What Walkie-talkies Do the Police Use
In the interest of public safety and security, the police have been the first to use walkie-talkies in the conduct of their jobs, especially for patrolling and emergency purposes.
It was in 1923 when Senior Constable Frederick William Downie of the Victorian Police in Australia developed the first mobile two-way radio, which paved the way for the birth of police walkie-talkies. But the early device was quite huge and took up the entire back seat of police cars.
Ten years later, the Bayonne police department in New Jersey successfully operated a two-way system between a central fixed station and radio transceivers installed in police cars. This allowed the police to respond directly and quickly to emergencies.
The transceivers or walkie-talkies used in police headquarters are usually the stationary base type similar to the ones installed in patrol cars, although smaller. Individual police officers, on the other hand, use portable hand-held types.
Also during the early years, police walkie-talkies on patrol cars and individual police officers communicate via a specific channel with the headquarters – one radio frequency each for every patrol car and officer. Thus simultaneous dispatch to field units and officers was not possible then.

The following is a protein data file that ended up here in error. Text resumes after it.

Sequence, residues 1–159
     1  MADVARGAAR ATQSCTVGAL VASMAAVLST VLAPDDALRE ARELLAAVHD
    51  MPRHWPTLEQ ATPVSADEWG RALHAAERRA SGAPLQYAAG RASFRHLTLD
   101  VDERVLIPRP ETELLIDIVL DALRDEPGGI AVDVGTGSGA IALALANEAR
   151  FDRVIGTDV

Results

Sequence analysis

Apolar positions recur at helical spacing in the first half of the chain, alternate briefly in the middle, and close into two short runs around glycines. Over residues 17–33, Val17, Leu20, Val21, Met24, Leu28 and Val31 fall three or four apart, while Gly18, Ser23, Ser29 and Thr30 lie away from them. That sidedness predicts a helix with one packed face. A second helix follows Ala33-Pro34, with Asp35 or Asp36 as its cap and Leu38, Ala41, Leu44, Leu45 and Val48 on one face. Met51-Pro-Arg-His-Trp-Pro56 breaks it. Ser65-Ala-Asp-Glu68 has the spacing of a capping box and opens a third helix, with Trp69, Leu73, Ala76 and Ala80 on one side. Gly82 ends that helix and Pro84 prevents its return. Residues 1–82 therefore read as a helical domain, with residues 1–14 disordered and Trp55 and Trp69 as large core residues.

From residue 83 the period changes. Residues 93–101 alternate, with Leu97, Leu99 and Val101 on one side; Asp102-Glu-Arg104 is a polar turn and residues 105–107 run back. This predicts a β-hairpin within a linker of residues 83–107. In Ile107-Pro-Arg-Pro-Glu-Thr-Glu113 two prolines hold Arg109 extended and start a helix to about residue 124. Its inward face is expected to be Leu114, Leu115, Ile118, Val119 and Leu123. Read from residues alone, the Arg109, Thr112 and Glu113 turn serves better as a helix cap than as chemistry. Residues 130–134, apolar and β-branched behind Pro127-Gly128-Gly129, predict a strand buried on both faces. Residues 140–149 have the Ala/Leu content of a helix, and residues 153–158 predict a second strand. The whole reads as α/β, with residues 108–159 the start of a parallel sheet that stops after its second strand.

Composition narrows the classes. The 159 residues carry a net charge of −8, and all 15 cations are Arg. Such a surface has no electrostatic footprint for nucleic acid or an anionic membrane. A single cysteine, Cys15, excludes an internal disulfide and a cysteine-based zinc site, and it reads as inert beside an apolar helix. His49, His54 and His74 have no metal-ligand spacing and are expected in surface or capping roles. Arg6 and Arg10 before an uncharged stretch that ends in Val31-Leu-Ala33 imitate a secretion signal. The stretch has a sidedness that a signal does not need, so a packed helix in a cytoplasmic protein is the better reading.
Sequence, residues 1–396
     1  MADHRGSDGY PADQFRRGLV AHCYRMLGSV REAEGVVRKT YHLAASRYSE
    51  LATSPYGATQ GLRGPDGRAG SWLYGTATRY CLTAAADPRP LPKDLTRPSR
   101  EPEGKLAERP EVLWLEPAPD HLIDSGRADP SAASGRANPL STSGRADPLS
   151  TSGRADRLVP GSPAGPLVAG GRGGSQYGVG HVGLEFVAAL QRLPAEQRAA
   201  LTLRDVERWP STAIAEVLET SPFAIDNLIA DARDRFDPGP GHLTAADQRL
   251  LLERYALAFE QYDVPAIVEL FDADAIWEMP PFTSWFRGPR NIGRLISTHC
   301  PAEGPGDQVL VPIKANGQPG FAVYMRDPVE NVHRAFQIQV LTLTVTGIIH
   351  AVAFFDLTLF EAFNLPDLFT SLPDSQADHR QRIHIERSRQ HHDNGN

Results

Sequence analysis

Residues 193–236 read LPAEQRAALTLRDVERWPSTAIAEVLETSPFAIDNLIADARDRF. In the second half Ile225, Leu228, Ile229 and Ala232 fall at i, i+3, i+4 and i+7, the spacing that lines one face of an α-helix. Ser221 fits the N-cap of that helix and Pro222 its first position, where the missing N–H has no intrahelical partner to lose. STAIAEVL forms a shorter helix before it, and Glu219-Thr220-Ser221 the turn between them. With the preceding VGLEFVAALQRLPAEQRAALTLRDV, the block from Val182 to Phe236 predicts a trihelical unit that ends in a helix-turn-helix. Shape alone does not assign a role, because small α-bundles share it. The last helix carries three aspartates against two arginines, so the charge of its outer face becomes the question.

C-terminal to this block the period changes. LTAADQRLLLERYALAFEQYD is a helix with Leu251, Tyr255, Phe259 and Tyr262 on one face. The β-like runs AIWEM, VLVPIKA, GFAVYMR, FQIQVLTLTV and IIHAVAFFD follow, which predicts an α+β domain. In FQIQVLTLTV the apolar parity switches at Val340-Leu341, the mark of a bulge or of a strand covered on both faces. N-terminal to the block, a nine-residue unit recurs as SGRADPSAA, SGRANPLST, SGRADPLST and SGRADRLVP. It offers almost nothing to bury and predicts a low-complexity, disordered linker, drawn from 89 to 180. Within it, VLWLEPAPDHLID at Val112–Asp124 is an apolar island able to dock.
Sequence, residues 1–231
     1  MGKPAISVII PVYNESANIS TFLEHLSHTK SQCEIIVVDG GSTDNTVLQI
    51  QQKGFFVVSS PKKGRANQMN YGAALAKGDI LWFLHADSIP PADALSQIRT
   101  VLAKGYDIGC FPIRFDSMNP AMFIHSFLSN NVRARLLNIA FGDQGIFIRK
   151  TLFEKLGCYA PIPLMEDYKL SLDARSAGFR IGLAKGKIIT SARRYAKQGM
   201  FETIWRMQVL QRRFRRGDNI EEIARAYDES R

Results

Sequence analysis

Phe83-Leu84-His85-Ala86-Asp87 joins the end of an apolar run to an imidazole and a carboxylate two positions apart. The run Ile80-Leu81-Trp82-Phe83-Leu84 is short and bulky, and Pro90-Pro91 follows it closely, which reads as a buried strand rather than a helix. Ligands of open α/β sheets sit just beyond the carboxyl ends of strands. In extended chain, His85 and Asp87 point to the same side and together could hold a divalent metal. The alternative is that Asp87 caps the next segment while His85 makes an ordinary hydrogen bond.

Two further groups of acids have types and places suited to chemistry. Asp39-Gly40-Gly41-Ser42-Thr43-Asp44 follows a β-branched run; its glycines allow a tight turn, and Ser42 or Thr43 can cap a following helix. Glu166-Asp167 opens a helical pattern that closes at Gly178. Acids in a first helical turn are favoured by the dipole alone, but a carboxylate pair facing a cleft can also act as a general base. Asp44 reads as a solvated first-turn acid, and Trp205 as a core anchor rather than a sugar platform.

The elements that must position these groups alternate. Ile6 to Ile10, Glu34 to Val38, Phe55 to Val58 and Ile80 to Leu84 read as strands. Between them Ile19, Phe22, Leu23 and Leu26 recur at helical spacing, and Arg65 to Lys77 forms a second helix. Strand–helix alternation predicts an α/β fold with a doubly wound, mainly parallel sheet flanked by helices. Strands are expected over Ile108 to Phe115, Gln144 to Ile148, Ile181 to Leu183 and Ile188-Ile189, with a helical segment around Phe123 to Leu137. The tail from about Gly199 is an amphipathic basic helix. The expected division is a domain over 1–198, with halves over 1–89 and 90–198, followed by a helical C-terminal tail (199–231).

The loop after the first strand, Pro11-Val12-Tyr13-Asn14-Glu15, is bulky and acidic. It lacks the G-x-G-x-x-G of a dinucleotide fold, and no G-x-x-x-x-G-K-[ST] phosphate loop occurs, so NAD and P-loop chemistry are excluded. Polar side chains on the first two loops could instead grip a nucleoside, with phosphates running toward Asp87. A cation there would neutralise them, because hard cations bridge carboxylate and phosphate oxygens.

The evolution of police walkie-talkies
However, police walkie-talkies have since evolved. Now, every walkie-talkie is not just connected to the headquarters but is also interlinked to one another. As their main communications device, the unit is always on. So if a patrol car or an individual police officer is not using it, it automatically becomes a receiver to receive information feeds from the headquarters or other units.
As radio equipment, including modern-day walkie-talkies, became more powerful, compact and easier to use, communications have likewise improved by leaps and bounds between the headquarters and the police field units.
In some ultra-modern countries today, however, police walkie-talkies are now being phased out in favor of smart transceivers with GPS capability. These communications devices already function like a smartphone or a tablet.